Chinese online grocery delivery startup MissFresh (Meiri Youxian) met a cool reception in US markets Friday. It raised $273 million in a Nasdaq IPO after pricing its shares at $13, the lower end of the expected range. The Tencent-backed company’s shares plunged 26% to close at $9.6.

It’s the latest sign of investor concerns about China’s competitive grocery delivery market.

The rise of “community group buy” has attracted a stampede of players backed by deep-pocketed tech giants like Pinduoduo and Alibaba, triggering a costly price war at the discount end of the market. Stricter regulatory control also casts a shadow. MissFresh, which offers on-demand delivery in more upscale markets, is not a community group buy platform.

MissFresh’s on-demand rival Dingdong Maicai reportedly also trimmed the price of its offering in the face of negative market sentiments. It doesn’t help that both MissFresh and Dingdong are still in the red. 

MissFresh CEO Xu Zheng told TechNode that the company has plans to defend its turf and expand into the “sinking market” in an exclusive interview after the company’s US stock debut.

China’s neighborhood retail market is “massive,” with market value forecast to reach nearly RMB 15.7 trillion by 2025, Xu said. “The market of this size is big enough to accommodate diversified user demands and different business models,” he said.

Watching costs

MissFresh is cutting back on delivery infrastructure in a bid to achieve profits. The company’s core grocery delivery businesses is built on “distributed mini warehouses” (DMW), which the firm claims to have invented.

Grocery delivery operated under the DWM model will continue to be the company’s main source of revenue, Xu said, but it will focus on what Xu describes as “high-quality” growth. 

The DWM model, in which products are picked from warehouses placed in residential neighborhood for quick delivery, delivers quick order fulfillment and lower attrition rate, but it’s expensive. Pre-pandemic, these costs threatened to sink the industry.

The DMW model saw a resurgence in 2020, when China’s online grocery delivery market received an unexpected boost from the pandemic, as locked-down consumers went online.

READ MORE: Covid-19, an opportunity for e-commerce

The model is used by many companies including MissFresh, Dingdong Maicai, and Meituan Maicai. But the market boom created an increasingly competitive field that offers few opportunities other than cash-fueled growth.

While its rivals have poured money into aggressive expansion plans, MissFresh has gradually downsized its physical operations over the past two years. The company’s prospectus showed that it was operating only 631 mini-warehouses in 16 cities as of March, less than half its 2019 count of over 1,500.

The company has focused on high-yield buyers: Xu said he’s targeting young mothers, aged between 26 to 45. The company booked a high per order sales of RMB 94.6 (about $14.5) for its on-demand retail business in 2020, the highest among its peers, according to iResearch.

The strategy has paid off with a narrowed net loss. MissFresh’s net loss dropped to RMB 1.7 billion in 2020, from RMB 2.9 billion one year before. By contrast, Dingdong’s net loss widened to RMB 3.2 billion in 2020 from RMB 1.9 billion in 2019 as the company pushed harder for expansion.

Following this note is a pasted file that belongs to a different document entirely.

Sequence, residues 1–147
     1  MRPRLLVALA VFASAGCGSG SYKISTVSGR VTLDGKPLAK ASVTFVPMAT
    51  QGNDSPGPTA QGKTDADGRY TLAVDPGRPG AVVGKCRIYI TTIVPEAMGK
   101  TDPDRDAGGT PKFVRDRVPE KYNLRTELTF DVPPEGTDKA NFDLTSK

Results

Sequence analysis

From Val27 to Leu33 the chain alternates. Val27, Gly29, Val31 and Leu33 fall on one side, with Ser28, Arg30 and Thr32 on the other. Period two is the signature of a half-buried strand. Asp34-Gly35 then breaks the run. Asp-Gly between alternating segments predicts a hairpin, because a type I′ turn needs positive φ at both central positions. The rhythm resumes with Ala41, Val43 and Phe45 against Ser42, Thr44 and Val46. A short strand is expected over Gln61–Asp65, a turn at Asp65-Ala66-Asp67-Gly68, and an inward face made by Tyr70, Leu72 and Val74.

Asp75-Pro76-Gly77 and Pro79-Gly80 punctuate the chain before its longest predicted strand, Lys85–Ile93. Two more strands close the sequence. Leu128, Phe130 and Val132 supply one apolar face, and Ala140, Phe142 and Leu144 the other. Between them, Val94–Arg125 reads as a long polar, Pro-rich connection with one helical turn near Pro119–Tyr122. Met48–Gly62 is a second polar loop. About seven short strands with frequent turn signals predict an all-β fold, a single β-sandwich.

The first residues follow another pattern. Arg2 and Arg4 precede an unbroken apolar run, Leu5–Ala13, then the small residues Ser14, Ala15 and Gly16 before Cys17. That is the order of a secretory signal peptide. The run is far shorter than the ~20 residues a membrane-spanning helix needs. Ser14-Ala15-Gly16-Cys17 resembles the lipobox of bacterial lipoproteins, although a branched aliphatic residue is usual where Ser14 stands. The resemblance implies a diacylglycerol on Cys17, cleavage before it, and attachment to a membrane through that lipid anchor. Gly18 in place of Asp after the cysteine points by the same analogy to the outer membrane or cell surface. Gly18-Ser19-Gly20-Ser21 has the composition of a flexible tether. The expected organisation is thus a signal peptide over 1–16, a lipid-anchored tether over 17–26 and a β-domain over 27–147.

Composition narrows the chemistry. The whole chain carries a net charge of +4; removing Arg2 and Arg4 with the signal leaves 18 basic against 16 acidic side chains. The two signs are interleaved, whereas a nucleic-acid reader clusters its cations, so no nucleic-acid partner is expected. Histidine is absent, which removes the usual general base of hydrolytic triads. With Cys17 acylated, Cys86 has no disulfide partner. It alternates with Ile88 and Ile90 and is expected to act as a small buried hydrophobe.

But there’s also downsides. Cutbacks in operations have meant slowed growth. The company booked RMB 6.1 billion revenue in 2020, slightly higher than its RMB 6.0 billion in 2019. Meanwhile, Dingdong Maicai recorded RMB 11.3 billion in revenue in 2020.

Cheaper community group buy services, which bundle deliveries for a whole neighborhood into a once-a-day drop-off, have done better in lower-tier markets.”

Digitizing the wet market

Facing intensified competition in its core business, Xu said MissFresh is poised to break into lower-tier markets with an approach that works together with the wet markets that currently rule the roost.

“Fresh markets remain the go-to place for fresh produce shopping. In big cities, offline wet markets represent 30% to 40% of fresh produce shopping, and they represent 70% to 80% of the shoppings in small cities or towns,” said Xu (our translation).

MissFresh plans to use its IPO proceeds to fund efforts to digitize China’s offline wet markets and enhance AI-driven retail cloud services. The company plans to invest a combined 40% of funds raised in the two initiatives, on par with the 50% proceeds budgeted for sales, marketing, and technology for the on-demand retail business. The rest will be used for general corporate purposes, according to the company’s prospectus.

Both of the new businesses are quite young. The company launched its intelligent fresh market business in the second half of 2020. It promises to help wet markets to optimize their merchant mix, while providing electronic payments, online marketing, and customer management tools. The company’s retail cloud business initiative, launched in 2021, offers AI-based smart supply chain, smart logistics, and smart marketing solutions to enhance automation level and efficiency.

The two businesses are targeting emerging markets in lower tier cities, where upcoming community group-buy rivals like Pinduoduo’s Duoduo Maicai and Xingsheng Youxuan first took off.

Xu sums up the team’s innovation philosophy as “respecting the underlying market laws and breaking the rules”. “While respecting the underlying laws of different market, we should be prepared to break outdated rules,” said Xu.

Emma Lee

Emma Lee is Shanghai-based tech writer, covering startups and tech happenings in China and Asia in general. We are looking for stories related to tech and China. Reach her at lixin@technode.com.